Several old building facades in the sunlight

Special streets: Feilitzschstrasse

Altschwabing in a state of change

Between hipster and historical: on Feilitzschstrasse you can breakfast at a deli like you’re in New York, and then be seated in a chic Schwabing restaurant before visiting the oldest farm in the neighbourhood or a real castle.

The name Altschwabing conjures up images of ornate old building facades, bumpy cobblestones and the wonderfully green Englischer Garten. The ‘Alt’ part, meaning ‘old’, suggests a certain cosiness – so it’s not that easy to imagine that this is where the wildest parties were celebrated in the 60s and 70s. Because if you sit down on Feilitzschstrasse today and watch Schwabing locals at their favourite pastimes, you get the sense that nightlife is not a thing round here any more: early in the morning residents are happily ordering iced cappuccino, making important phone calls, or jogging around the Kleinhesseloher See lake.

The street proves that old and new can function fantastically well side-by-side – the cool sneaker store and the historic farm, a small neoclassical castle and a trendy New York-style deli.

Feilitzschstrasse is a fascinating starting point from which to get acquainted with Altschwabing for a number of reasons: not only does it lead from Münchner Freiheit, one of the neighbourhood’s most important transport hubs, to the Englischer Garten, one of the world’s largest parks; it also proves that old and new can function fantastically well side-by-side – the cool sneaker store and the historic farm, a small neoclassical castle and a trendy New York-style deli.

Cosmopolitan cuisine at Occam Deli

Occam Deli is actually modelled on New York’s Lower Eastside delis. This café on Feilitzschstrasse opened in 2002, and the concept has remained the same ever since. You can get breakfast, lunch and dinner here, as well as reliably excellent coffee and a wide selection of cakes for bridging a gap. As you’d expect in a deli, you can also buy a small selection of groceries on-site, including granola, jams, olive oil, spices and the shop’s self-made wine – manager Raffaele is particularly proud of the latter, as he is a trained sommelier.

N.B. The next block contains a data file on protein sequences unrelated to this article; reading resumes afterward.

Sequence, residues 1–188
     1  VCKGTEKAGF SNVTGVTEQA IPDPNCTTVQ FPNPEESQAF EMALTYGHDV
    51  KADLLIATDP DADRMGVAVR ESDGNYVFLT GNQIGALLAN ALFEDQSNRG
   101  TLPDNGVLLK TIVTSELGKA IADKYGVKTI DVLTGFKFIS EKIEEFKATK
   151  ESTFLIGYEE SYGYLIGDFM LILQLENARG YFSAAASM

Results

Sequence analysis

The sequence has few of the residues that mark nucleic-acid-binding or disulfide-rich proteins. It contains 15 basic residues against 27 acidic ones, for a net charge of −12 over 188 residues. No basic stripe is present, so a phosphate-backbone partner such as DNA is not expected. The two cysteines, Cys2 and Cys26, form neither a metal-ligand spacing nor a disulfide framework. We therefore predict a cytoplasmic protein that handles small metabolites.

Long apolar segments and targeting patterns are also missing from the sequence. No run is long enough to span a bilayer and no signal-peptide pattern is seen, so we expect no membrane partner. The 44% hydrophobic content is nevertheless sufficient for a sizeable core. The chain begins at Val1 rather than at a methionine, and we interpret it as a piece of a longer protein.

“There’s a high density of pubs around Occam Deli, but the mood is still always peaceful – I like that about this corner!”
Raffaele

“All kinds of people come together here – we’ve got so many regulars and they span all ages,” he tells us. A glance at the terrace confirms this, as we can see a posh Schwabing mum sitting next to an ageing hippie. Which is typical for Altschwabing? Raffele has to laugh: “There’s a lot of old stock, both of houses and people.” But Feilitzschstrasse gets younger in the evenings once people start meeting up on Wedekindplatz for an after-work beer. “There’s a high density of pubs around Occam Deli, but the mood is still always peaceful – I like that about this corner!” Raffaele tells us.

Feilitzschstrasse – between high culture and hippie cult

Wedekindplatz used to be the Altschwabing village square, and it has retained something of its village character. Today it’s an important meeting place, about as popular as Gärtnerplatz is. One thing that definitely shouldn’t be overlooked is the crooked lantern erected in memory of the cult pub Bei Gisela. The pub was opened by the Munich chanson singer known as ‘Schwabinger Gisela’ in 1952, at Occamstrasse 8, and the Vereinsheim clubhouse is located there today. The ‘Schwabing Lantern’ is just one of many places on Feilitzschstrasse that tells stories of another time.

It drew particular attention a year later when a World War II aerial bomb, which could have exploded at any time, was found under the pub. Afterwards people joked that it meant the parties just weren’t wild enough.

Schwabinger 7, which also opened in the 1950s, is no less steeped in history. For many years, ‘Schwasi’, as Munich locals call it, was one of the last alternative pubs in this chic neighbourhood. In 2011, the cult pub at number 7 had to relocate to 15 Feilitzschstrasse following much protest against its closure. It drew particular attention a year later when a World War II aerial bomb, which could have exploded at any time, was found under the pub. Afterwards people joked that it meant the parties just weren’t wild enough.